Draft CDC Guideline for Prescribing Opioids for Chronic Pains: Improving the Way Opioids are Prescribed for Safer Chronic Pain Treatment
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Existing guidelines vary in recommendations, and primary care providers say they receive insufficient training in prescribing opioid pain relievers. It is important that patients receive appropriate pain treatment, and that the benefits and risks of treatment options are carefully considered.
In 2012, health care providers wrote 259 million prescriptions for opioid pain relievers – enough for every American adult to have a bottle of pills.1
Prescription opioid sales in the United States have increased by 300% since 1999,2 but there has not been an overall change in the amount of pain Americans report.3,4
Almost 2 million Americans, age 12 or older, either abused or were dependent on opioid pain relievers in 2013.5
In 2013, more than 16,000 people died in the United States from overdose related to opioid pain relievers, four times the number in 1999.6
Providers should avoid prescribing of opioid pain medication and benzodiazepines concurrently whenever possible.
Determining when to initiate or continue opioids for chronic pain outside end-of-life care
1. Non-pharmacologic therapy and non-opioid pharmacologic therapy are preferred for chronic pain. Providers should only consider adding opioid therapy if expected benefits for both pain and function are anticipated to outweigh risks.
2. Before starting long-term opioid therapy, providers should establish treatment goals with all patients, including realistic goals for pain and function. Providers should continue opioid therapy only if there is clinically meaningful improvement in pain and function that outweighs risks to patient safety.
3. Before starting and periodically during opioid therapy, providers should discuss with patients risks and realistic benefits of opioid therapy and patient and provider responsibilities for managing therapy.
Opioid selection, dosage, duration, follow-up, and discontinuation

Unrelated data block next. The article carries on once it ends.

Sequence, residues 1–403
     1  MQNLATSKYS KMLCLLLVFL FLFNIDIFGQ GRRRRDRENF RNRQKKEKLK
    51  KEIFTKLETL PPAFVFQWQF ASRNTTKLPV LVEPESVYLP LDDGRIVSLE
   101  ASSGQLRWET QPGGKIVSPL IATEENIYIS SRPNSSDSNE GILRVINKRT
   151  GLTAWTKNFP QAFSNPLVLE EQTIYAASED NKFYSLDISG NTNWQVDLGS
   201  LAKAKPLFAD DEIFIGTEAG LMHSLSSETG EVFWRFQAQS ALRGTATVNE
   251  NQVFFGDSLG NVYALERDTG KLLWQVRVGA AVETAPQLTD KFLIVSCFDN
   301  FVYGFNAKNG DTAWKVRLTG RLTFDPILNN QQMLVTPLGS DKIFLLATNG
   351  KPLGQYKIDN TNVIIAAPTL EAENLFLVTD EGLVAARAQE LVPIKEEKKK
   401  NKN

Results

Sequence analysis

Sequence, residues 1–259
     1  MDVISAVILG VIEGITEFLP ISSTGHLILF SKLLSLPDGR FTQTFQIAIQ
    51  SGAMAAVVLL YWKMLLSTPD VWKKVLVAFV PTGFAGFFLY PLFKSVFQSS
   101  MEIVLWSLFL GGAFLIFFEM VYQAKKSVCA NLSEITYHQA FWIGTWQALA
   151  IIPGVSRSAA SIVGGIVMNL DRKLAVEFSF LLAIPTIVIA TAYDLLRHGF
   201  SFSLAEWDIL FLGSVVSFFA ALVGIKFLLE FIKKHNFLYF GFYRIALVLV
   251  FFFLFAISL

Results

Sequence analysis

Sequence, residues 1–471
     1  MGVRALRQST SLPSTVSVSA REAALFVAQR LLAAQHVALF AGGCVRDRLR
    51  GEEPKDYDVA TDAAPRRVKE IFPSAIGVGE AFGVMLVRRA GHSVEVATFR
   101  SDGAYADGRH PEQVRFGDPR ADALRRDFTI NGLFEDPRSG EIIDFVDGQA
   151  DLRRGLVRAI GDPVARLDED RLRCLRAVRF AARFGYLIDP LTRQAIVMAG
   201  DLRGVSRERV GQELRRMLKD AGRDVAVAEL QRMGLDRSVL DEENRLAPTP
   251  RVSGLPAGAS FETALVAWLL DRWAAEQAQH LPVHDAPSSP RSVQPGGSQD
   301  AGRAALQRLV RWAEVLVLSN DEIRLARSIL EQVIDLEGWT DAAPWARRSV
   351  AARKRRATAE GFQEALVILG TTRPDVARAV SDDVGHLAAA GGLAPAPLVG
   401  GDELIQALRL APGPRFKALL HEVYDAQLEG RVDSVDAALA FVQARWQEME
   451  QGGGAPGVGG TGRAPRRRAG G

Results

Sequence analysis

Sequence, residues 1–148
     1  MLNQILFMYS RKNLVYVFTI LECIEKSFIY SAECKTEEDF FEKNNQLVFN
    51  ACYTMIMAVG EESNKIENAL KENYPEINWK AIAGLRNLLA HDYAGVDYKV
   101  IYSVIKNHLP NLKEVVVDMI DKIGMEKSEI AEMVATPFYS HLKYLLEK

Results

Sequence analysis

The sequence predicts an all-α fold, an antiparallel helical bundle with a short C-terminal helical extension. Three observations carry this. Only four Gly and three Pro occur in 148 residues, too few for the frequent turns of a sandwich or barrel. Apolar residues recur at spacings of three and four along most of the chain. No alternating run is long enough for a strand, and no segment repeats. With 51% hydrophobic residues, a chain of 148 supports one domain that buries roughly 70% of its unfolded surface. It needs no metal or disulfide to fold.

4. When starting opioid therapy, providers should prescribe short-acting opioids instead of extended-release/long-acting opioids.
5. When opioids are started, providers should prescribe the lowest possible effective dosage. Providers should implement additional precautions when increasing dosage to > 50 MME/day and should avoid increasing dosages to > 90 MME/day.
6. Long-term opioid use often begins with treatment of acute pain. When opioids are used for acute pain, providers should prescribe the lowest effective dose of short-acting opioids and should prescribe no greater quantity than needed for the expected duration of pain severe enough to require opioids. Three or fewer days will usually be sufficient for non-traumatic pain not related to major surgery.
7. Providers should evaluate patients within 1 to 4 weeks of starting long-term opioid therapy or of dose escalation to assess benefits and harms of continued opioid therapy. Providers should evaluate patients receiving long-term opioid therapy every 3 months or more frequently for benefits and harms of continued opioid therapy. If benefits do not outweigh harms of continued opioid therapy, providers should work with patients to reduce opioid dosage and to discontinue opioids when possible.
Assessing risk and addressing harms of opioid use
8. Before starting and periodically during continuation of opioid therapy, providers should evaluate risk factors for opioid-related harms. Providers should incorporate into the management plan strategies to mitigate risk, including considering offering naloxone when factors that increase risk for opioid-related harms are present.
9. Providers should review the patient’s history of controlled substance prescriptions using state PDMP data to determine whether the patient is receiving excessive opioid dosages or dangerous combinations that put him/her at high risk for overdose. Providers should review PDMP data when starting opioid therapy and periodically during long-term opioid therapy (ranging from every prescription to every 3 months).
10. Providers should use urine drug testing before starting opioids for chronic pain and consider urine drug testing at least annually in all patients on long-term opioid therapy to assess for prescribed medications as well as other controlled substances and illicit drugs.
11. Providers should avoid prescribing of opioid pain medication and benzodiazepines concurrently whenever possible. Recommendation should include other classes of drugs that increase risk when combined with opioids (e.g., muscle relaxants, sedatives, hypnotics, sedative-hypnotics, CNS depressants, psychoactives, atypical antipsychotics, stimulants, OTC sleep medications).
12. Providers should offer or arrange evidence-based treatment (usually opioid agonist treatment in combination with behavioral therapies) for patients with opioid use disorder.